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MSF – Intro to Trail Riding

Despite not having any time lately for anything but work or house build related activities, I’m really glad we made time last weekend to travel to Georgia for another moto riding clinic.

2016-07-31_MSF ITR A_sI’ve been pretty good about sticking to my “at least one moto riding class” a year goal. This year, since off-road riding is definitely my weakest area, I wanted to find an off-road oriented class. Its harder than you’d think. Most dirtbike classes are for kids, or are more moto-cross oriented, which is a bit different than what I am looking for. Trail and/or adventure riding is a slightly different skill set, and there are now several famous courses that are all available in various western states. Since we can’t make a western trip happen this year, I thought I was out of luck. Then I discovered that the MSF (Motorcycle Safety Foundation) has an Intro to Trail Riding class. That’s exactly what I was looking for. The MSF requires students to take the CRE class first, so I found some dates where we could take both classes back to back. It worked out great; we had a great trip, rode motorcycles, learned a few things, and really enjoyed our little mini vacation.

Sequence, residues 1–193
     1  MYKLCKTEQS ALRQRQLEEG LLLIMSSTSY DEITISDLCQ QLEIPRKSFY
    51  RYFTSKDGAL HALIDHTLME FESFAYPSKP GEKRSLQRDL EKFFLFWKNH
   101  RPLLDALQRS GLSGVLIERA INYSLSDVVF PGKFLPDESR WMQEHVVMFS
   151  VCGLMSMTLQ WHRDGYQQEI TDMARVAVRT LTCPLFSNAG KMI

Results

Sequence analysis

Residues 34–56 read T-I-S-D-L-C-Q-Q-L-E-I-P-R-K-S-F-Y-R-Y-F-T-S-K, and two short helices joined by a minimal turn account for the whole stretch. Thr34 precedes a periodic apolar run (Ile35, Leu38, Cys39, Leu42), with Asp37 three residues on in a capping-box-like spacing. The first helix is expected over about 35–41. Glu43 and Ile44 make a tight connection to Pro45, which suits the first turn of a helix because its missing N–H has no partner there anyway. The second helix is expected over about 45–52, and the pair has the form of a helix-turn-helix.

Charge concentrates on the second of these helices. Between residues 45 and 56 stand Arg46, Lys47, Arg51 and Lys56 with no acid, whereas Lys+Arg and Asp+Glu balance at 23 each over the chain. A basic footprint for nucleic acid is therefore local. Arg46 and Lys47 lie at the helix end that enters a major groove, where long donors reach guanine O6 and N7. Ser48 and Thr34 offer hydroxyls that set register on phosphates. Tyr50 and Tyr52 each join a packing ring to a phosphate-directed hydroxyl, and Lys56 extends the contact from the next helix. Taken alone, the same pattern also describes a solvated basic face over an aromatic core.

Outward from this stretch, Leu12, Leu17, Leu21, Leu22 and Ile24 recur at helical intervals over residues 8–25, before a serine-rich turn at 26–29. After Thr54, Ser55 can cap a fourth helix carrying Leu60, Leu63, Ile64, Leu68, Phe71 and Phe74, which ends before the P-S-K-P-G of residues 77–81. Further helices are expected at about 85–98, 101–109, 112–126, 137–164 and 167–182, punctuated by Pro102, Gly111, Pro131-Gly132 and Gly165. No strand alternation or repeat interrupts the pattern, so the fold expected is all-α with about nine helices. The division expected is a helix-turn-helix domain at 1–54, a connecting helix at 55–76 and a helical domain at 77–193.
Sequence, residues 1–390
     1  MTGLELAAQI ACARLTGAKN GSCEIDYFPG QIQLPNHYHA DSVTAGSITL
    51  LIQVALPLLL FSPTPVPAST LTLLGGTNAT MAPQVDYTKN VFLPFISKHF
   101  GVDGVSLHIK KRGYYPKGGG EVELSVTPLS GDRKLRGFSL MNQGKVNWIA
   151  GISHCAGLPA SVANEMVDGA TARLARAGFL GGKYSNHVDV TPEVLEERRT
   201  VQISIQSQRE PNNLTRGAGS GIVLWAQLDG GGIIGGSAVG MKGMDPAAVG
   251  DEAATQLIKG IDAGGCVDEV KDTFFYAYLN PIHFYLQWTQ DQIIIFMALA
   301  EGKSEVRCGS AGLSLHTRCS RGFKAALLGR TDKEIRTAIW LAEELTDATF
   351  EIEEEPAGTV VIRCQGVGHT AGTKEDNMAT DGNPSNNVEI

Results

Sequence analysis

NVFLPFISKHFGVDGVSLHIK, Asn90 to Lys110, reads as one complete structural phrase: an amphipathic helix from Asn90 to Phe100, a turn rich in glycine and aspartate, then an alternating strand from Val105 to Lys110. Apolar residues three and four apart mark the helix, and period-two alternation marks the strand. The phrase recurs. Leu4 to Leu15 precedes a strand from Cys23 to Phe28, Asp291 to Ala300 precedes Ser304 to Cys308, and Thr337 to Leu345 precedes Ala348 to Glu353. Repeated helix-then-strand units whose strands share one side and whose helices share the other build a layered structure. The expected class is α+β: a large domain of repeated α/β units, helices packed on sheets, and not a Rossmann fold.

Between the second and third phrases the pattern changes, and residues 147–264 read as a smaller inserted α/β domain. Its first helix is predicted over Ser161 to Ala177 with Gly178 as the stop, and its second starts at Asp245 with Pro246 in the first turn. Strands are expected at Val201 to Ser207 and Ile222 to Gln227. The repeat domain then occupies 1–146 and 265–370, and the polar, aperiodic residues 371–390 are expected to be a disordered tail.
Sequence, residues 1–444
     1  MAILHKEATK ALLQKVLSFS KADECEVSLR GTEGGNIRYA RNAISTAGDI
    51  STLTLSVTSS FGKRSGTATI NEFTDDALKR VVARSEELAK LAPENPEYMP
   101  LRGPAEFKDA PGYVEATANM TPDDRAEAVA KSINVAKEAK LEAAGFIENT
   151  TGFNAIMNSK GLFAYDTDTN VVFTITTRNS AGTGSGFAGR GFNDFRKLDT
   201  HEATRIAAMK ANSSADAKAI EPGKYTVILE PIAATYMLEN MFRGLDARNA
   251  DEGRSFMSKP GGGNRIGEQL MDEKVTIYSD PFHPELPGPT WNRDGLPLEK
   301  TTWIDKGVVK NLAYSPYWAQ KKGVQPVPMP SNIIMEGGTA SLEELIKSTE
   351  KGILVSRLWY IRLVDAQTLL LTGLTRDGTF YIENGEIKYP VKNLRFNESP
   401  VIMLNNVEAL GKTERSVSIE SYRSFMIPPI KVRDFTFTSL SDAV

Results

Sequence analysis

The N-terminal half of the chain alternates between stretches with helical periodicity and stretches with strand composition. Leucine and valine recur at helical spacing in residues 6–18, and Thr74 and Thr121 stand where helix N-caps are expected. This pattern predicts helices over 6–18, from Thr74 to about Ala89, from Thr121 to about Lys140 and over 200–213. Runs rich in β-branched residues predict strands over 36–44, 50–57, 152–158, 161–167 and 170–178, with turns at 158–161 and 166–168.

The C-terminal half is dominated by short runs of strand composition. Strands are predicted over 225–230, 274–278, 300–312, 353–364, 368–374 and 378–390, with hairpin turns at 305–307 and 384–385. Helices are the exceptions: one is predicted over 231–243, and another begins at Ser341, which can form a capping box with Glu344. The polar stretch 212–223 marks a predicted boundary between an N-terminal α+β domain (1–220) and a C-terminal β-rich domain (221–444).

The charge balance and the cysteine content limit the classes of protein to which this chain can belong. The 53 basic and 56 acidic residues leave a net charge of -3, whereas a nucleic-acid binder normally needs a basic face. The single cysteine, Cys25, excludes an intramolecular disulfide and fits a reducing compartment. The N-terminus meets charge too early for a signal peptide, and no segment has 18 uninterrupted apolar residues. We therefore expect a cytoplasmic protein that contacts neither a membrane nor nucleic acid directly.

About the Classes
Day 1 was the CRE (Closed Range Excercises class), held on the fenced dirt range. Continue reading

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House 2.0 – electrical, plumbing, HVAC, systems

While there has been an occasional burst of activity on the house construction, recently there hasn’t been much progress. Over the last three weeks, our chimney for the wood stove was installed, a minor amount of plumbing and HVAC was completed, and as of this week, the electricians are mostly done with the 120vac wiring. I expect that plumbing and electrical will be ready for the rough in inspections this week or next.